Ministers confirm they are prepared to leave the European Convention on Human Rights

The move would leave th UK alone in a club with Europe's last dictatorship Belarus

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Indy Politics

Leaving the European Convention on Human Rights is still ‘on the table’ as part of the Government’s changes to human rights law, ministers have said.

Justice minister Dominic Raab said that though leaving the Convention was not one of ministers’ aims, they would be prepared to do so to accomplish them.

“We will legislate for a bill of rights to protect our fundamental rights, prevent abuse to the system, and restore some common sense to our human rights laws,” Mr Raab told MPs in the House of Commons.

“Our plans don’t involve us leaving the convention, that’s not our objective, but our number one priority is to restore some balance to our human rights laws so no option is off the table.”

The European Convention on Human Rights is ratified by every country in Europe except Belarus, the continent’s last dictatorship.

Even quasi-authoritarian states on region’s fringes, including Russia and Turkey, are signatories.

Dominic Raab, a Justice Minister

Former Justice Secretary Chris Grayling first officially mooted leaving the convention last year but the exact nature of the Conservatives' plan has been subject to confusion.

Mr Raab said the Government had concerns with the Convention’s implementation by the European Court of Human Rights in Strasbourg, as well as domestic human rights law.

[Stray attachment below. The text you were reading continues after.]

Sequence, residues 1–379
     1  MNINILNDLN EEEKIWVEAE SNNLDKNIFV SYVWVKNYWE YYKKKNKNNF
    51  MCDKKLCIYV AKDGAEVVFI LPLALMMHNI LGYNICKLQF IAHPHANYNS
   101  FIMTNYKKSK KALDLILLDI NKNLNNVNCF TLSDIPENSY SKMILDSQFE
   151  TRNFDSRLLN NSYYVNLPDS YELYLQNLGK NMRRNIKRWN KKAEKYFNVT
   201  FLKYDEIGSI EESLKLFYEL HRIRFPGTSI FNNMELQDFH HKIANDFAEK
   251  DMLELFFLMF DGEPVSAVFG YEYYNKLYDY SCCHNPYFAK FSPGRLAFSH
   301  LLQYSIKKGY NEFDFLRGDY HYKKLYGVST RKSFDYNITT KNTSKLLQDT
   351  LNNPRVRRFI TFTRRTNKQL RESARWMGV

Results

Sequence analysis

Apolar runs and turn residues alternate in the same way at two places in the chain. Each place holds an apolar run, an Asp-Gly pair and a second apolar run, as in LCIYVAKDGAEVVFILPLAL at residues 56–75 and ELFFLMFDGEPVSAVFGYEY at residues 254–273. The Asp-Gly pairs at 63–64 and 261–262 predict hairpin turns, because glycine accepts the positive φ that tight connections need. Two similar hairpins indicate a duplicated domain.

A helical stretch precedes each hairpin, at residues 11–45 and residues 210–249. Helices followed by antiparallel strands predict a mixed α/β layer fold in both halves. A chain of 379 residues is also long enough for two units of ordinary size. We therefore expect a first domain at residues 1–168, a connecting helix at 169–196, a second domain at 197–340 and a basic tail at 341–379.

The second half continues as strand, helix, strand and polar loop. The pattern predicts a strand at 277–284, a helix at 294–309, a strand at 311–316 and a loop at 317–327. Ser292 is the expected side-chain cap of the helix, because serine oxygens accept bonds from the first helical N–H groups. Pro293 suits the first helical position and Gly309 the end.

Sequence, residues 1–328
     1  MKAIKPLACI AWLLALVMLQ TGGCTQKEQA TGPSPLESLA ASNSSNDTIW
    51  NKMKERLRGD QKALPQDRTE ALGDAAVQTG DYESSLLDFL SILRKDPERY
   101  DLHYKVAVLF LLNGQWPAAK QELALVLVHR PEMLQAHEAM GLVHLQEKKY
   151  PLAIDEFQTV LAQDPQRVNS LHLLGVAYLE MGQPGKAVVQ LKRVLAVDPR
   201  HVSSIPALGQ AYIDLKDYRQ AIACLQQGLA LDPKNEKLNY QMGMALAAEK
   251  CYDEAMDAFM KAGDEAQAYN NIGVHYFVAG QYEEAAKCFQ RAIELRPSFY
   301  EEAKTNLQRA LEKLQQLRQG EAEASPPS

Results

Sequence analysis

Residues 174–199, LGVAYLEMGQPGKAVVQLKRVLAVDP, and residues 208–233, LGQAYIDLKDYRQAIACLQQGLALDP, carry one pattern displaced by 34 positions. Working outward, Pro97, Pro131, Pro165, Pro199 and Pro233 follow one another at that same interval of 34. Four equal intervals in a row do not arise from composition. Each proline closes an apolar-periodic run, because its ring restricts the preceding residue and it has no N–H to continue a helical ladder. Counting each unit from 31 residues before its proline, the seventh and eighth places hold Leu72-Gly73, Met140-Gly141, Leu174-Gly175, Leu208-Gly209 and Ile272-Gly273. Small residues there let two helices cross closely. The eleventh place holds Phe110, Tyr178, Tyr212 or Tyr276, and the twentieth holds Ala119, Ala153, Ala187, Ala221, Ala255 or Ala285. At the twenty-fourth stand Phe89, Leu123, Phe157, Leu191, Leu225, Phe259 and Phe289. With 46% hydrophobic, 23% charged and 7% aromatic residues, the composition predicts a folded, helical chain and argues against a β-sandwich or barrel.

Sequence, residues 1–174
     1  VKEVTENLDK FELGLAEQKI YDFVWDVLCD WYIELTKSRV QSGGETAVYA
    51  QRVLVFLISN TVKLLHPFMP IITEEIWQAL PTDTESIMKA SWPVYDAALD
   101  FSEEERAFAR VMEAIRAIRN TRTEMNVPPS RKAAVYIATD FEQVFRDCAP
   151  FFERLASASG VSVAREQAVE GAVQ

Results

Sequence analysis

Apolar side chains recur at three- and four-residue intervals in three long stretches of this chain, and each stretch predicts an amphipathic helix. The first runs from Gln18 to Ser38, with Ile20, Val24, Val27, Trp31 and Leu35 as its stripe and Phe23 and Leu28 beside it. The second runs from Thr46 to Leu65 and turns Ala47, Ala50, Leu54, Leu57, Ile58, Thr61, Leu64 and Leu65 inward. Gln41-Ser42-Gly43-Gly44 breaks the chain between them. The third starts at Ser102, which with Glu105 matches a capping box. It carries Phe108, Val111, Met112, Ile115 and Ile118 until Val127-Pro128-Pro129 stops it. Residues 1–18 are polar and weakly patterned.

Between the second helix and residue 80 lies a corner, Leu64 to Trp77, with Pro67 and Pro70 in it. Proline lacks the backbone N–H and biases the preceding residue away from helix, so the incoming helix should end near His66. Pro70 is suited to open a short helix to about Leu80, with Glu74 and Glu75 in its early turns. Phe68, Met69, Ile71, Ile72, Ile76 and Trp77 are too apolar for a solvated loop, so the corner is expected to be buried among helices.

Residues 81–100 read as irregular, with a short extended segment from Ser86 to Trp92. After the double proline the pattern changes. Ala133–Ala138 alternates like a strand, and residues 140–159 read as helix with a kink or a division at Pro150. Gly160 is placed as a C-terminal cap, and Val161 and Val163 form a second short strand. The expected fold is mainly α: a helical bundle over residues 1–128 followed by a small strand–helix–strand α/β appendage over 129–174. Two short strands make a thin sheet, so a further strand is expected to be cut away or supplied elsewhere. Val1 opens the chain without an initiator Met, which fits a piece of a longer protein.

“Our concern has been less with the black-letter text of the convention and more with its implementation,” he said.

“Some of the problems have arisen from judicial legislation by the Strasbourg court, some through the operation of the Human Rights Act. We want to protect our fundamental rights but prevent abuse of the system.”


But Labour leadership candidate Jeremy Corbyn said the Government’s plan was contradictory and would reduce the Court to an “irrelevance”.

“On the one hand he says he supports the convention on the other hand he says all decisions must be made in British courts,” he said.

“If all decisions are made in British courts then the role of the ECHR will be an utter irrelevance to Britain and British people will then be denied the right of access to a treaty obligation that we signed in 1948.


The MPs were debating during Justice Questions in the House of Commons on Tuesday morning.

The European Convention on Human Rights was drawn up in the aftermath of WW2 in an initiative spearheaded by Britain.

British citizens can appeal to the European Court of Human Rights in Strasbourg or take cases in British courts under the Human Rights Act, which enshrines the convention in British domestic law and ensures that all arms of the British state abide by it.

Ministers are committed to scrapping the Human Rights Act and replacing it with a British Bill of Rights.